Among the many crop size indicators that may be computable from RGB images, LAI can be estimated based on a sound theoretical background. LAI can be estimated based on the Beer–Lambert law, which originally describes the attenuation of light in a canopy (Monsi et al., 2005; Yan et al., 2019). In photographic LAI estimation, the gap fraction (i.e., the nonleaf area ratio in a photograph) is used instead of light attenuation. Photographically estimated LAI values can then be related to other crop size indicators (LFW and LL), as an increase in leaf area is accompanied by increases in leaf weight and length. These allometric relationships in plants have been studied extensively in forests (Bloomberg et al., 2008; Kebede and Soromessa, 2018; Paul et al., 2016) and several crops (Bakhshandeh et al., 2012; Colaizzi et al., 2017; Reddy et al., 1998). Such allometric relationships enable us to estimate a difficult-to-measure objective variable (e.g., aboveground biomass) from easy-to-measure input variables (e.g., stem diameter) once regression equations are established based on the direct measurements of these variables. LAI values estimated from photography may be suitable as input variables of allometric equations because they can be obtained nondestructively, continuously, and automatically. Several studies have used allometric equations in combination with tree and field crop photography (Hays et al., 2020; Quint and Dech, 2010; Raj et al., 2021). A similar approach may be applicable for estimating leafy vegetable size indicators, which are of great concern to horticultural growers.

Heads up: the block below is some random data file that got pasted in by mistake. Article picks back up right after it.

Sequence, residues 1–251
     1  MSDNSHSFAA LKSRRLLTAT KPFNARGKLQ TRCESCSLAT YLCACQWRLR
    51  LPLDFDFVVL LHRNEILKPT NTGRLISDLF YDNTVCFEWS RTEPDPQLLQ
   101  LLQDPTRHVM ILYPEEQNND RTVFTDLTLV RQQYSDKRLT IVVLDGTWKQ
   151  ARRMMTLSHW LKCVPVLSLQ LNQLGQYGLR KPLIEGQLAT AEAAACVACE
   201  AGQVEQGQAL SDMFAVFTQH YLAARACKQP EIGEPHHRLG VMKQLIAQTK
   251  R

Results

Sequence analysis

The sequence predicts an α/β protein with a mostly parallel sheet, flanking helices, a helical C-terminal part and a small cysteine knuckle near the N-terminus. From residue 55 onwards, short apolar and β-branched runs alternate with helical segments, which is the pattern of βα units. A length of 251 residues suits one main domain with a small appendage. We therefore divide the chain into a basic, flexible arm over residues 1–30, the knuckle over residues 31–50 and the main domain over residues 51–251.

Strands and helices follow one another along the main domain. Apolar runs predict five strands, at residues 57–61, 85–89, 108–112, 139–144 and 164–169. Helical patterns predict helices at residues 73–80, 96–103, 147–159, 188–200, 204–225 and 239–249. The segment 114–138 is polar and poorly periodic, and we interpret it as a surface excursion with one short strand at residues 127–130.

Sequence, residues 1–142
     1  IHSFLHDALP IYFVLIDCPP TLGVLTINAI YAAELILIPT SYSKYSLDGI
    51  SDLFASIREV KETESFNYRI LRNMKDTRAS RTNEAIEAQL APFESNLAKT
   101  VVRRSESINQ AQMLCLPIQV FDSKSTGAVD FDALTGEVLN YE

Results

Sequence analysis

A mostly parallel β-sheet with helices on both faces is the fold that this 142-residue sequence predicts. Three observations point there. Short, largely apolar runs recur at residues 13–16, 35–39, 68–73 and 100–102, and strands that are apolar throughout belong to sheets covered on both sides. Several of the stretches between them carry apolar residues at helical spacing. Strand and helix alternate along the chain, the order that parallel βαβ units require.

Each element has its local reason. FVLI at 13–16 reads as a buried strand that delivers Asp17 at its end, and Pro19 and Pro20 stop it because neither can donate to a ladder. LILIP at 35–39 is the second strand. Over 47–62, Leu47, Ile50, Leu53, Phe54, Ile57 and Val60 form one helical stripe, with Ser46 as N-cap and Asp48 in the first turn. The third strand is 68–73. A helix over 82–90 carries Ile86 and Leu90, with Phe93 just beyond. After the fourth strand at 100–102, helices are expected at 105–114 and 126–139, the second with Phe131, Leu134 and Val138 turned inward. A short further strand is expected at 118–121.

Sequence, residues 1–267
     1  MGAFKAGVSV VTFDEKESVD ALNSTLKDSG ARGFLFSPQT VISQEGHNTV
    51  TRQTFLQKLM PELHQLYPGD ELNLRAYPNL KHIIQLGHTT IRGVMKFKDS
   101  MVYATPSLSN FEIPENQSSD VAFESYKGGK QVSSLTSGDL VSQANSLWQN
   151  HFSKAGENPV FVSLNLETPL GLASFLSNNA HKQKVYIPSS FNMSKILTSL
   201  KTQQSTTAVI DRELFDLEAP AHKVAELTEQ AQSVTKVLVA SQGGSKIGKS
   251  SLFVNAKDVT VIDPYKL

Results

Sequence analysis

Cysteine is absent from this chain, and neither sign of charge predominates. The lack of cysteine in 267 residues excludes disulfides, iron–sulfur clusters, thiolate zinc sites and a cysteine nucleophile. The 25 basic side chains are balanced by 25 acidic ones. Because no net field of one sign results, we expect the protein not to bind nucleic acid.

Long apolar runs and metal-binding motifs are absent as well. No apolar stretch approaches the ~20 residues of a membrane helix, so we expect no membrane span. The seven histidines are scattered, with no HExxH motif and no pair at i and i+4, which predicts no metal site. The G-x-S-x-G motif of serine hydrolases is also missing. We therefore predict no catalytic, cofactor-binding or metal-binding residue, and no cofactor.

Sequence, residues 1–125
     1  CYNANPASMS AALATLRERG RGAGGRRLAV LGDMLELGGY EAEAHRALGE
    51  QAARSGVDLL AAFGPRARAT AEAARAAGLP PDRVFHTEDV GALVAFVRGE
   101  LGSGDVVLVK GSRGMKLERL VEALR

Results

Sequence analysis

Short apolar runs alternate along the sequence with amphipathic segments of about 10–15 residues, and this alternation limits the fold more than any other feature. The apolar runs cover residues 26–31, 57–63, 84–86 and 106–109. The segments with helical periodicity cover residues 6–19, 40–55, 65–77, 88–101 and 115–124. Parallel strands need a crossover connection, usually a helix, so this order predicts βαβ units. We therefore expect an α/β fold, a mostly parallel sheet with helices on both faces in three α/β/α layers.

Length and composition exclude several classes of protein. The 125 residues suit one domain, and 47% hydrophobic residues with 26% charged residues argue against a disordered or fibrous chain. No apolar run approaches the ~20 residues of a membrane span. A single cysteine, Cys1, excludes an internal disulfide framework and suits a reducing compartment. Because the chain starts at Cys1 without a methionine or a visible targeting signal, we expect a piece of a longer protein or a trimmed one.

The aim of our study was to develop a method that enables the continuous, automatic estimation of LAI, LFW, and LL of a Chinese chive (Allium tuberosum) canopy by combining timelapse photography with allometric equations. Chinese chive is a popular herb in Japan and is cultivated for culinary and medicinal use (Imahori et al., 2007; Takagi, 1994). Its green leaves can be harvested multiple times in a cultivation period, as a tuft of leaves can regrow from the base, where the leaves are snipped during harvesting. The continuous estimation of LFW and LL of Chinese chive is of practical value because the harvestable yield and harvest timing of Chinese chive are determined based on LFW and LL, respectively. Here, we obtained regression equations relating photographically estimated LAI (LAIphoto) with LFW and LL based on destructive measurements and nadir photography. To derive LAIphoto, a state-of-the-art deep learning architecture, DeepLabv3+ (Chen et al., 2018), was applied to the leaf-to-nonleaf segmentation task. The derived regression equations were applied to estimate nondestructively LFW and LL of Chinese chive canopies from only nadir photographs.